Cover Stories

Vote! SFR’s Endorsements for the June 4, 2024 Primary Election

Plus: Tips for the polls

Two salient threads ran through the Santa Fe County primary election season. First off, term-limits have value: The two available Santa Fe County Commission seats, along with the open seat for state Senate District 24—made available by state Sen. Nancy Rodriguez’s retirement—drew several first-time political hopefuls, whose enthusiasm for serving their community helped create robust discussions in this season’s forums and interviews.

In many of the races, concerns for the increasingly visible issues of homelessness; lack of affordable housing; and public safety emerged as top issues, alongside the ongoing quest to safeguard the area’s natural resources.

Several experienced elected officials also entered this year’s races, in some cases seeking new seats and in two particularly tense contests—for county clerk and First Judicial District attorney—to retake their old jobs. These rivalries served as a faint echo of the presidential contest already underway, the reverberations from which we assume will only increase as summer unfolds and the Nov. 5 general election draws closer.

New Mexico’s closed primary system means only major party voters can participate in their party’s races, and most of the local contests are solely among Democrats. As no Republican or Libertarians are running in the races endorsed in this week’s issue, all will likely be decided by the primary, making voters’ participation all the more key.

SFR tackles its endorsements by interviewing each candidate; attending and watching public forums; reviewing candidate materials and questionnaires; and conducting our Pop Quiz series. We do not endorse in uncontested races, nor do we endorse in races in which candidates fail to respond to our inquiries. For the June 4 election, we did not receive any response from Republican candidates Wendy Ann Lossing and Kenneth Donald Brennan in House District 50, which includes Edgewood, Eldorado, Lamy and Galisteo. The winner of that race will challenge incumbent Democrat Matthew McQueen; we will revisit that race in the fall, along with the contested partisan federal races for the state’s congressional delegation.

All of SFR’s election coverage can be found online at sfreporter.com/elections.


State Senate District 24

Linda Trujillo

Three Democrats, each with proven commitment to their communities, hope to succeed state Sen. Nancy Rodriguez, who has represented Senate District 24 for 28 years. Santa Fe County Commissioner Anna Hansen, legislative analyst Veronica Krupnick and former state representative Linda Trujillo offered voters a civil race with general agreement about the issues in the district, which encompasses much of Santa Fe’s central and southside areas.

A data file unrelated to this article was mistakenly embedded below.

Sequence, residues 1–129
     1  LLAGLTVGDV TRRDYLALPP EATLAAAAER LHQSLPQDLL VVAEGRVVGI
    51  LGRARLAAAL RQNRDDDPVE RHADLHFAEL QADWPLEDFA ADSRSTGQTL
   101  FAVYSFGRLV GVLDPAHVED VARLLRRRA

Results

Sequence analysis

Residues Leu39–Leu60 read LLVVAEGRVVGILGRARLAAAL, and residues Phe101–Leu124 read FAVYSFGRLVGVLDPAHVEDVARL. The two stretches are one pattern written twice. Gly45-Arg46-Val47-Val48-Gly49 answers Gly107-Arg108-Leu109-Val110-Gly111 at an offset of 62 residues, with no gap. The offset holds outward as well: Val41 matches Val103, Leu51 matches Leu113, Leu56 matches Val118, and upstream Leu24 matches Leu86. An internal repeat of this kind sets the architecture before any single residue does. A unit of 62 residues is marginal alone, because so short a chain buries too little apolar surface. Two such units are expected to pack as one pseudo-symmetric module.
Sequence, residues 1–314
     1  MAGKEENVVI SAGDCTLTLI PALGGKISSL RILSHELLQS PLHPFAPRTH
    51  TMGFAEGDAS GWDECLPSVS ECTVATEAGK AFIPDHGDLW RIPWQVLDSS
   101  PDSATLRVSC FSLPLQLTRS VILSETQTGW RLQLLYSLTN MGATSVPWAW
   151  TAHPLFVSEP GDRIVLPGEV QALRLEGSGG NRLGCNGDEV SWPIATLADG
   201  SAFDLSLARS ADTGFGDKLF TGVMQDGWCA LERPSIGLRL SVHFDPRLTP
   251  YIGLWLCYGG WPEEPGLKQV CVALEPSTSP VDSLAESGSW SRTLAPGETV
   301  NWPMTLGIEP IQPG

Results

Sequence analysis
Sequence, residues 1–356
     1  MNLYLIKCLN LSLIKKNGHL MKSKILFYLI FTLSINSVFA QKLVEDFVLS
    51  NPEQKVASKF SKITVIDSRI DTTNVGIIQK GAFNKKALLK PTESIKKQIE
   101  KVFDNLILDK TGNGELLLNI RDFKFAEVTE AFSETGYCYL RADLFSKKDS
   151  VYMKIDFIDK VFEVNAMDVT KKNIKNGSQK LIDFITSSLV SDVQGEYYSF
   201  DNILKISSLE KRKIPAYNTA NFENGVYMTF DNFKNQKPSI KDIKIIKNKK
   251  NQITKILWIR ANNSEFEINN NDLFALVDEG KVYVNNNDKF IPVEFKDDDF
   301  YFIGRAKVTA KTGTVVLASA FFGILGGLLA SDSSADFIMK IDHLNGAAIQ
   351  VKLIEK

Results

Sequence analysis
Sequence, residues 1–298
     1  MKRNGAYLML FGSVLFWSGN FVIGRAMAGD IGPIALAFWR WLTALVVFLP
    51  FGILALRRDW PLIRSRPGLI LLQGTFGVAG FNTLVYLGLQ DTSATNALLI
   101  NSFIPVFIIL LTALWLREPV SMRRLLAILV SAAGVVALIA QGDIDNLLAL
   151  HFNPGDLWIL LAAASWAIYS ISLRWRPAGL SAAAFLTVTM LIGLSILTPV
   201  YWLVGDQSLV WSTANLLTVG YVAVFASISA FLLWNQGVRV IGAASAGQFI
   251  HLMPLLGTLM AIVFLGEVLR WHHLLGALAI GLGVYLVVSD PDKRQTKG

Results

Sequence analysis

Hansen has particular experience representing residents in portions of those areas that overlap with her county commission seat, such as in the Agua Fría area, where her accessibility to constituents and environmental focus have earned her steadfast loyalty.

Krupnick, a 28-year-old Native American first-time candidate, brings first-hand knowledge of the foster child system and a fierce commitment to addressing the systemic failures of the Children, Youth and Families Department to protect the children in its care. We hope to see Krupnick in a future race as her experience at both the Legislature and with local and national child welfare groups makes her a much needed voice in the public sphere.

Trujillo, however, brings the legislative experience needed to fill some very large shoes as Rodriguez retires. A licensed attorney and former two-term Santa Fe Public Schools board member, Trujillo served two terms as a state representative in the House, resulting in a long list of legislative accomplishments. Among them: helping on the House side to create the state’s Early Childhood Education and Care Department; creating same-day voter registration; and suporting access for seniors to higher education. If elected, Trujillo’s top committee pick is Senate Finance, currently vice-chaired by Rodriguez, because, she says, that’s “where change happens…The thing that I’ve learned over the course of time, being at the executive level, being in the Legislature, is that policy follows money,” Trujillo tells SFR. “Money doesn’t follow a policy…You can create all the policy you want, but if it’s not funded, it’s not going to be implemented.”

As for the issue of public safety, which Gov. Michelle Lujan Grisham has prioritized at the state level with a pending special legislative session this summer, Trujillo, a former Head Start teacher, says if elected to take office next year, she’s committed to addressing the root causes of crime, and invokes Maslow’s Hierarchy of Needs, describing increasing crime as a response to the lack of adequate housing, food security, health care and high-wage jobs. “We haven’t invested enough to get to the root causes because I think we’re still recovering from the devastating impact of destruction of mental health care in New Mexico under the prior administration,” she says. In a field of strong candidates, Trujillo brings the institutional knowledge, commitment and pragmatism to continue serving the district well.

First Judicial District Attorney

Mary Carmack-Altwies